From Brett Danaher:
Arguments against piracy website blocking seem to mostly take one of two forms: there are arguments about it violating freedom speech or potentially “breaking the Internet” (to use a popular phrase), and there are arguments of the form “it won’t have any impact, you can still find ways to pirate any content you want, so why do it?” I’m not a legal scholar, so I don’t have any special expertise on freedom of speech. I’m also not an expert on the technical side of the Internet – although I do know that site blocking has been implemented in over 40 countries and in studying site blocking in several of those countries I’ve seen no evidence of a “broken Internet” or even a serious challenge to net neutrality. But I would leave the arguments about this to those whose expertise lies in the area of Internet policy regulation.
That said, I can offer my expertise on the argument that website blocking won’t have any impact because pirate content can always be found somewhere. I’ve been doing empirical research on this claim for the better part of a decade now; specifically, I’ve been looking at whether supply side antipiracy policies – enforcement actions that target piracy sites or protocols – can influence consumers to turn from illegal channels to legal ones. And I’ve been keeping an eye on the research of colleagues asking this same question. My findings are summarized in a peer-reviewed article published in Communications of the ACM.
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Basically, there is no evidence of a supply side antipiracy action that completely removes popular content from the Internet – you can always find it somewhere. And there is evidence that antipiracy actions that do not make piracy sufficiently difficult have no meaningful impact on legal sales or total piracy, because consumers can either find other sites from which to pirate the content or circumvent the enforcement actions.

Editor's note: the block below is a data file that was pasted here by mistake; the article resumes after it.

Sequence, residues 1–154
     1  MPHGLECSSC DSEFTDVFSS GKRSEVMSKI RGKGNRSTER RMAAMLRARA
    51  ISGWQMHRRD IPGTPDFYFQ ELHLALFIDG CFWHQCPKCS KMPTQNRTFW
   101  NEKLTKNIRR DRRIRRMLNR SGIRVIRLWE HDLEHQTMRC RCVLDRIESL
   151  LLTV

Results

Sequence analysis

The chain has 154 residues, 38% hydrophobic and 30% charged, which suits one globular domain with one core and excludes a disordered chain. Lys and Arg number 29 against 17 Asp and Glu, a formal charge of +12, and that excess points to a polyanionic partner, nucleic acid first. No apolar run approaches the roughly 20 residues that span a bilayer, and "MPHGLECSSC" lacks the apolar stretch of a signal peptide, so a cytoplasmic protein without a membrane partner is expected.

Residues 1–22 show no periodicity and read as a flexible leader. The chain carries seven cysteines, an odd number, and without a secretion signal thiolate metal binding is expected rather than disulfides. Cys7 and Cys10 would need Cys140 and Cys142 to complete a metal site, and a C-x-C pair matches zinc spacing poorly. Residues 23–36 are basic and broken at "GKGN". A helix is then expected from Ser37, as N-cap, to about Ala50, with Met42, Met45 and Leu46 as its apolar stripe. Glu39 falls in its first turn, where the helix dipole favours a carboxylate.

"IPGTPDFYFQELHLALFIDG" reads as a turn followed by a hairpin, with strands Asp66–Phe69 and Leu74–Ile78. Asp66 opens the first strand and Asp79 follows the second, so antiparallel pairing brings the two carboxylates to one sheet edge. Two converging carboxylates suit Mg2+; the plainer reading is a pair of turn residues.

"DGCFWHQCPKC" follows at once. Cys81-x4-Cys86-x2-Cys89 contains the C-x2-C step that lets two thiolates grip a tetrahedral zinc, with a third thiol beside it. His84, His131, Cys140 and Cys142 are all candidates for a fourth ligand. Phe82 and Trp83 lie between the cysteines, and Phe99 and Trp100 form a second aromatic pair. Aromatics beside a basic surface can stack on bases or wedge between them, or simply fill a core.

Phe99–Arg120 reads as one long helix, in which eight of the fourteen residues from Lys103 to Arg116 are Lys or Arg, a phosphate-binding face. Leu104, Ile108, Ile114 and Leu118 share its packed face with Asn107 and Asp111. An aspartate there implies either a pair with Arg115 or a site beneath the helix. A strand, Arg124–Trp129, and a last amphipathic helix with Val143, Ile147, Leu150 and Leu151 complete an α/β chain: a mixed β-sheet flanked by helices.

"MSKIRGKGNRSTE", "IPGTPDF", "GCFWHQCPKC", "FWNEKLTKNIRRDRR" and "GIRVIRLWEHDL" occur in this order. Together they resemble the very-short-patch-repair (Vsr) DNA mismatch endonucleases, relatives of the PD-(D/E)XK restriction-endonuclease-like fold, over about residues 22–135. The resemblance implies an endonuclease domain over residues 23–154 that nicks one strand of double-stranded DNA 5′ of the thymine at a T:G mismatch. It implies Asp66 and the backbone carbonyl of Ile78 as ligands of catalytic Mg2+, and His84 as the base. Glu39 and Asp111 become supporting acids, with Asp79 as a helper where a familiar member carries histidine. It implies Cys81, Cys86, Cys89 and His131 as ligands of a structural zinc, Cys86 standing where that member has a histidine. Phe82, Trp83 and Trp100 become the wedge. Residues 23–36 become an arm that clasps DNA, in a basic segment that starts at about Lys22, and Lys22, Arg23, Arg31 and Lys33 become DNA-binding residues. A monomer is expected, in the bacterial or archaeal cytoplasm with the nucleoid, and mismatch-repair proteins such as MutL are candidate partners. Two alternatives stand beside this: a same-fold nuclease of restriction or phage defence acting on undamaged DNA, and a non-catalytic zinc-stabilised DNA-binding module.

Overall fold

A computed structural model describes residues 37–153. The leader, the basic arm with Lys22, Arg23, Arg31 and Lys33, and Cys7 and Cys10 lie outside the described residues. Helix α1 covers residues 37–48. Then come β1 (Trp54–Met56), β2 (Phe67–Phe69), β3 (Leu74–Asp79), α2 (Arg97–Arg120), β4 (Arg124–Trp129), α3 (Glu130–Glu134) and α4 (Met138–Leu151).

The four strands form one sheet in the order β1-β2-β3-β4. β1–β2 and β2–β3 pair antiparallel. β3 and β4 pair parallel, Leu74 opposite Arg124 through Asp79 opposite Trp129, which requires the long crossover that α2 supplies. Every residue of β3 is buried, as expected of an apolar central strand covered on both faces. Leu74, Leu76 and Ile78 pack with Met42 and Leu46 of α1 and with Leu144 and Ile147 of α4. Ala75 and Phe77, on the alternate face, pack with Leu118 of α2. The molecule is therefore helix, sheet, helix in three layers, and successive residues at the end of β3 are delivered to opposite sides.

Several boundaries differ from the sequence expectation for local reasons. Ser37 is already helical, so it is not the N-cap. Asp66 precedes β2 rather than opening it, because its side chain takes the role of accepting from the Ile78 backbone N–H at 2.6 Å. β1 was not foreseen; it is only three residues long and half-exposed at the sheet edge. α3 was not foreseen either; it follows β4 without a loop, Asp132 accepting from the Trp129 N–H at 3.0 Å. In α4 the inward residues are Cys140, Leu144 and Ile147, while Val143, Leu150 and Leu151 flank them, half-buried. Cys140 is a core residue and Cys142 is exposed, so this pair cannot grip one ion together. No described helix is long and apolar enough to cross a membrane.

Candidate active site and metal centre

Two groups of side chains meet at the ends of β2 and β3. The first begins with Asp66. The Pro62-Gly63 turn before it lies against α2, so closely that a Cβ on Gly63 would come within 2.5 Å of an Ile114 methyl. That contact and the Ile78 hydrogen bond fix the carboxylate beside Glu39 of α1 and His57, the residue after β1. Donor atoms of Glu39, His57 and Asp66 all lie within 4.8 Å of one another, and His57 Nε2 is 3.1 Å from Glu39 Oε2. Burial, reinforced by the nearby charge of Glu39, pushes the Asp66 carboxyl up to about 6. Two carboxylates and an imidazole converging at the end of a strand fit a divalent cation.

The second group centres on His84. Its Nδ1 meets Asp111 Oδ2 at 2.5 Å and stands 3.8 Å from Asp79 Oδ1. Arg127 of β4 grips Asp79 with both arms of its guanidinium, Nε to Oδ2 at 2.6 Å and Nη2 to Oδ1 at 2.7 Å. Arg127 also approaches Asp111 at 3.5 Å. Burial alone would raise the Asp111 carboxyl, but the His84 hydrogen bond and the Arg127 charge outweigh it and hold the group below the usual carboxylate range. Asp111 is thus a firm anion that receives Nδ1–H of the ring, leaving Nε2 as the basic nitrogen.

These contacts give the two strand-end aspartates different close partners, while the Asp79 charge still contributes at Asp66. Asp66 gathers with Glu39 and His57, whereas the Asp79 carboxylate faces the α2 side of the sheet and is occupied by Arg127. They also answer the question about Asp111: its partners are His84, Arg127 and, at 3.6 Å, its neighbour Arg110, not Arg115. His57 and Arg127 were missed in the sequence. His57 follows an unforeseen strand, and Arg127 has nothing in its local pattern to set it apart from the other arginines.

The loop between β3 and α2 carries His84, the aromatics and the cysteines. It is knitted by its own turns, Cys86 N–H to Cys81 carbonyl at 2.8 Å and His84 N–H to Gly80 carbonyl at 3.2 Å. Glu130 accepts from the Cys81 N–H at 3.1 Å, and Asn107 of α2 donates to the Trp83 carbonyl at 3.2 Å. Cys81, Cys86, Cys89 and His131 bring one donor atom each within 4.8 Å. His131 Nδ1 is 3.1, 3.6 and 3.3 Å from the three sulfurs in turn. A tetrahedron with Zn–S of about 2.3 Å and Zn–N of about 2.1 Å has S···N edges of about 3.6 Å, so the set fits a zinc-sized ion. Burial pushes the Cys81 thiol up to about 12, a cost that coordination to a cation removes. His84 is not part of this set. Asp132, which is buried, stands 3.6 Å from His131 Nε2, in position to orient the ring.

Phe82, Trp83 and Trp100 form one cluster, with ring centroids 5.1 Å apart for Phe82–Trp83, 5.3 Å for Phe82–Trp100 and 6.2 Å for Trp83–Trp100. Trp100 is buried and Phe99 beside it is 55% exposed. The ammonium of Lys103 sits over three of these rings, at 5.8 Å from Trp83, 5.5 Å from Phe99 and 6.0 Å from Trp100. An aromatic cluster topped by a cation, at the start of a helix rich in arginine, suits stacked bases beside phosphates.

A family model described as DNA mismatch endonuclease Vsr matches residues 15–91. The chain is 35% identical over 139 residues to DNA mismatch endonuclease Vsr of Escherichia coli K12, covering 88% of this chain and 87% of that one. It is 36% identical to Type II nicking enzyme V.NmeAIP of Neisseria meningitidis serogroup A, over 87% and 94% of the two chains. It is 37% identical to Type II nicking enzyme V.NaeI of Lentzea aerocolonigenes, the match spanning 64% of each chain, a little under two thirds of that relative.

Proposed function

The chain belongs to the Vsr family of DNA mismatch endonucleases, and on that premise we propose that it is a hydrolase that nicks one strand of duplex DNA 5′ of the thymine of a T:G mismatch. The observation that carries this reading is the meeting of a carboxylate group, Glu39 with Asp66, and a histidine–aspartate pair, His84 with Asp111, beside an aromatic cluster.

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However, research also shows that taking actions against piracy sites can sometimes make piracy so inconvenient that a meaningful group of marginal consumers will turn their behavior from illegal sources to legal ones. For example, Mike Smith and I found that when Megaupload.com and Megavideo.com (the two largest piracy cyberlockers in the world) were both shutdown, many sites that linked to their content stopped working and many cyberlockers shifted their policies to be less tolerant toward copyright infringement. The result was a causal increase in revenues from digital movie sales and rentals of about 7.5%. Later, along with Rahul Telang, we found that even though the UK blocking the thepiratebay.org caused little decrease in total piracy and no increase in legal consumption, the UK blocking of 19 major video piracy sites in November 2013 caused a 12% increase in legal consumption and a large decrease in total piracy. Later, when 53 more piracy websites were blocked in November 2014, we found a similar effect.
The point is that supply side antipiracy actions fail when they only slightly raise the difficulty of pirating content, but seem to succeed in nudging consumption toward legal channels when they sufficiently raise the cost/inconvenience of pirating content.
Link to the rest at Brett Danaher